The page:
Famously, Pete Waterman signed Ellie Campbell after hearing her sing three lines of a song, which made it all the more puzzling that Sweet Lies was chosen as her debut single. Here, though, is where we start to hear what he did because So Many Ways is elevated by a terrific performance. It showcases Ellie Campbell’s versatility as a singer, with gentle harmonies and earnest vocal runs (“Somehow I’ve gotta get the message to you-ooh-ooh-OOH”). The final minute of the track absolutely nails the brief and is as punchy a slice of bubblegum pop music as you could hope for. The melody is stretched to create new hooks (“How I NEED you, bab-aay”), while the chorus is peppered with ad-libs: “SAY how I love ya, SAY how I need ya”. The warmth and sincerity in Ellie Campbell’s voice is immensely likeable; it leaves So Many Ways feeling reassuringly familiar, which is absolutely not a bad trait for a song to possess.
That trend continues into the music video, which is cheerily and inoffensively twee. Visually, it’s very much on theme with azure skies and a sun-drenched countryside setting. It’s perhaps the biggest sign yet that So Many Ways – as tremendous as it is – was not the natural direction Ellie Campbell intended to take. The dance routine involves a lot of planted feet and arm-waving handography, which has an endearing playground quality to it but does feel like a bit of a budget effort. However, there’s no doubt that the camera loves Ellie Campbell. When she’s not bopping awkwardly in a poppy field, the video is full of wistful gazes (although her beau is more interested in the picture he’s painting). She really sells the song, rather than just reciting the words, and it’s here that you sense Ellie Campbell is most in her comfort zone. Indeed, So Many Ways is an early example of the downside where – for a brief moment – everything needed to look and sound like Britney Spears. Some acts had the panache to pull it off, but others didn’t, simply because that isn’t what they were signed to do.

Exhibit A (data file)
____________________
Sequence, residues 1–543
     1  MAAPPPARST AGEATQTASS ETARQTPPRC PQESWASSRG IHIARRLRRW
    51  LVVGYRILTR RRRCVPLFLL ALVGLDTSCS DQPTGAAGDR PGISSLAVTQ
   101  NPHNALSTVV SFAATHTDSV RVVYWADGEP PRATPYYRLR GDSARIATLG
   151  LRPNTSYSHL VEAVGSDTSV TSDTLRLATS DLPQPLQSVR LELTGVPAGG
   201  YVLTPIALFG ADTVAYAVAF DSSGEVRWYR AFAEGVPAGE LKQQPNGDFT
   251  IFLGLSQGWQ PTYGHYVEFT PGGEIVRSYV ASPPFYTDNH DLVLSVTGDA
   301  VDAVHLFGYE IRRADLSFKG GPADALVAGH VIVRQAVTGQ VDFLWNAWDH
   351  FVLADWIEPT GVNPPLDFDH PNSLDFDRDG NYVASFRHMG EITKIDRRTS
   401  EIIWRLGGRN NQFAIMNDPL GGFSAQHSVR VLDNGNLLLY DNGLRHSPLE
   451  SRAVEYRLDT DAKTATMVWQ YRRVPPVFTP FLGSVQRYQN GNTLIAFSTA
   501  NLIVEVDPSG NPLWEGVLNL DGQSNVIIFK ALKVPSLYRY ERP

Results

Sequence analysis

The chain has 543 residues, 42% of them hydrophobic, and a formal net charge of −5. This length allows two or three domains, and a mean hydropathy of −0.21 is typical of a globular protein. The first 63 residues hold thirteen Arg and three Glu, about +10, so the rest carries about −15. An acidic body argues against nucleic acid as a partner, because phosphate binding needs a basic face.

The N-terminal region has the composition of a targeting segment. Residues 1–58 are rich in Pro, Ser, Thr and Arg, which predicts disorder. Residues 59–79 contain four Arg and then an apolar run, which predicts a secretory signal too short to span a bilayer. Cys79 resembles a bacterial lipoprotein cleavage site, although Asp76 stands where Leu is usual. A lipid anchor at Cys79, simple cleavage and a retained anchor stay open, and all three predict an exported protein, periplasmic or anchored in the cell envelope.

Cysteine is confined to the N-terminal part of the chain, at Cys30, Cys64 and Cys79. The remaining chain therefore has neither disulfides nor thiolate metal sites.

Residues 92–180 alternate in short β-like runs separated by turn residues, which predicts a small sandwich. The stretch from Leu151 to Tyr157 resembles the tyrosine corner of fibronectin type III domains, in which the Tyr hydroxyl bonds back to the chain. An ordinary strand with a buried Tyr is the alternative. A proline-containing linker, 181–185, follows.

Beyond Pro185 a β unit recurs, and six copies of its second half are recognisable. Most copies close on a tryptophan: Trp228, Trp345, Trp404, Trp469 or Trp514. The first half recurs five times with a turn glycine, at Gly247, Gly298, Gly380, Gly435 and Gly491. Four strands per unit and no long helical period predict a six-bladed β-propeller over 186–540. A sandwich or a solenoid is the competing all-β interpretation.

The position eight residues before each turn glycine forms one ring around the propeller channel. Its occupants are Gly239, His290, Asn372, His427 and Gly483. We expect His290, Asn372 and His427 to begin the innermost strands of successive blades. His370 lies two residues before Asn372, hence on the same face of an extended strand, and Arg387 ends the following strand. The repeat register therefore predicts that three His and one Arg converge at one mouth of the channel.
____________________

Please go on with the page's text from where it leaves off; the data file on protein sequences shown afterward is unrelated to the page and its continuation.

Nevertheless, So Many Ways ended up giving Ellie Campbell her first (and only) top 40 single, which is the very faintest of silver linings because a peak of #26 still hurts. Sure, there are contributing factors here; promotion was limited, and magazine coverage was modest, probably in part due to the performance of Sweet Lies. Furthermore, there wasn’t yet any real hunger for a deviation on the Britney Spears formula considering she’d only released two singles by this point. And So Many Ways was half a step backwards, if anything. Nevertheless, this is a great effort that serves a halcyon slice of late ‘90s bubblegum pop goodness. It’s impossible to dislike a song that is trying so hard to fit in, and for sheer effort alone, it deserved more than such meagre returns.
You might think that the writing would very much be on the wall for Ellie Campbell this time. In the short term, it certainly seemed that way as almost two years passed before she made another attempt on the charts. After a further re-think, would it be third time lucky? We probably don’t even need to answer that…